Anyway, First and foremost, the reason for the wedding is the utter contrast between the movie’s two sections. The movie itself is broken up into two chapters and one is overflowing with energy and life, not happiness mind you, but at least people are running around and doing things. The first chapter also takes place almost exclusively at night with the exception of the ill fated limo ride which has to be one of the most adorable things ever. Whereas the second part of the movie only has the main family and the buttler at first then even the buttler leaves. The second part of the movie does have a day/night cycle but overwhelmingly most of the action takes place during the day. It isn’t normal pretty day time either, the daylight is always very stark all throughout the movie.

Secondly the reason for the wedding is to showcase Kate’s depression and to show how she lives in a world that is pretty much totally cut off from itself. The utter solipsism of her wedding is one of those things that makes me more than a little ill. I am not going to list all the examples because once I get rolling you’ll see it for youself clear as day. So here we go! “I won’t even begin to say how late you are” The first words spoken to Kate at her reception, not, “Oh you are okay” or “Thank god you made it we were worried, or even a more callous but still converned, “What happened to you two”. No it is, “You are late and I don’t care that you had to walk over the stupid forbidden bridge”. There is the host who never lets Kate forget how much money the wedding and reception is costing her. Her mother. The guy refusing to look at her. There we go. The reception isn’t about their wedding, and I bet the wedding wasn’t about them either. Everyone wanted to be the center of everything and in order to be that way they would tear, kick, and insult the bride until she resorts to just randomly lashing out (Sex in the sand trap) and then telling her spandy new groom to take a hike. The whole thing is tragic because no one else would give them a chance. They were torn apart by people who didn’t care about them one way or another, with the possible exception of Kate’s sister. I say possible because my friend Kelly brought up the excellent point that her sister is an enabler extrodinair. Which is something I don’t know very much about but I can definitely see it. Though I would like to sat that at the end her sister’s husband died alone whereas the two sisters went together hand in hand facing the end with tenderness.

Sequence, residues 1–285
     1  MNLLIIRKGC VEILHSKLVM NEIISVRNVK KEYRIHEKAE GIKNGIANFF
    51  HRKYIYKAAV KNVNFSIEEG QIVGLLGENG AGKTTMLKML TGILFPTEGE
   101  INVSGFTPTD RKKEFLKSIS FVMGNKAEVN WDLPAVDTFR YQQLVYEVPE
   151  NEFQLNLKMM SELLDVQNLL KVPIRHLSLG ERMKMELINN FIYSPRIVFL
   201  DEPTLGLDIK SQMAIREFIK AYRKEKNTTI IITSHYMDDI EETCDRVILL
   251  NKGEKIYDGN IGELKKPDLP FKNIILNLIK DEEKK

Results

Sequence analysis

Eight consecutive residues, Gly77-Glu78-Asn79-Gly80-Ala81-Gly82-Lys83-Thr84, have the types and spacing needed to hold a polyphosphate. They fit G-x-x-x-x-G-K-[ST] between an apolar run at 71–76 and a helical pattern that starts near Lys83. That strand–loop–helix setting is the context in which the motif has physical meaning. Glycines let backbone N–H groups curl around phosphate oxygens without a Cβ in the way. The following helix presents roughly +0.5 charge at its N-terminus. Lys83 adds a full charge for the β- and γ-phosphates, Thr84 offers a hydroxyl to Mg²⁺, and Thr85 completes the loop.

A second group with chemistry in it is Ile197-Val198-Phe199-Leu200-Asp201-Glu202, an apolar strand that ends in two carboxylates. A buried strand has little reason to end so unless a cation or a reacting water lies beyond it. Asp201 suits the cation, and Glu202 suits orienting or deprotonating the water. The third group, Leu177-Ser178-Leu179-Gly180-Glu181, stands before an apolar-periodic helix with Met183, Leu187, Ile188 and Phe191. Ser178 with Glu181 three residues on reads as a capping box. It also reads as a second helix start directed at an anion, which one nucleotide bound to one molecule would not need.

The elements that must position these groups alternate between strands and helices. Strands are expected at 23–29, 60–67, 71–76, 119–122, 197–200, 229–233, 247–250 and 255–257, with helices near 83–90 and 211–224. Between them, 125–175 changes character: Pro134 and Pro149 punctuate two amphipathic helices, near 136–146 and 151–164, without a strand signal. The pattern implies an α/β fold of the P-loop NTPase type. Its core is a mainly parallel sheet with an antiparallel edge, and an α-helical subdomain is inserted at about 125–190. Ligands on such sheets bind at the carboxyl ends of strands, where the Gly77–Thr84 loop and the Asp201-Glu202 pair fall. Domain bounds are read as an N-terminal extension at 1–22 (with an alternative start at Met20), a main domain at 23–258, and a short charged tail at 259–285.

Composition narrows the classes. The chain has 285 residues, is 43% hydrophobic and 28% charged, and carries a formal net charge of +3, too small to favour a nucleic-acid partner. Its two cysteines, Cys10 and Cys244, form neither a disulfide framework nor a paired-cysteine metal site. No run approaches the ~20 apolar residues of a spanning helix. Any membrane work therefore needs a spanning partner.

Ah yes the ending. The ending goes to show that is there is one handy thing about depression is that it makes the end of the world no more or less aweful than everyday existence. I suppose this ties into the world of solipsism that Kate inhabits but depression isn’t voluntary whereas most of the people were acting that way at her wedding because they are dicks. It is an important distinction to me. Regardless, Kate is uniquely unconcerned by the end of the world which ends up propping up her sister and being her final comfort bringing the second chapter of the movie full circle right as the world ends. It is nice. I actually don’t have much to say about the ending. It happened slowly, it was tragic as all get out, and it was a bittersweet as it could be. There isn’t much more to say about it other than it is powerful and takes you away leaving you feeling numb.

It is a fantastic movie and I wish it would get a wider release. With the ridiculous success of Black Swan I was hoping that movies like this would get more attention in the theaters or something like that. That some studio executive would go “hey these movies can be successful”. As we watched our own artsy independent film on thanksgiving 4 other artsy independent films were hitting the theater in a limited release and all 4 of them did very well. So just to be clear 4 artsy independent films are released at the same time in no more than 50 screen all across the US and all of them made money. This is going more into how evil the major studios are and I think I am going to stop here as I realize that it is about the first and there is chores I need to go do. Another day. Until then I am off.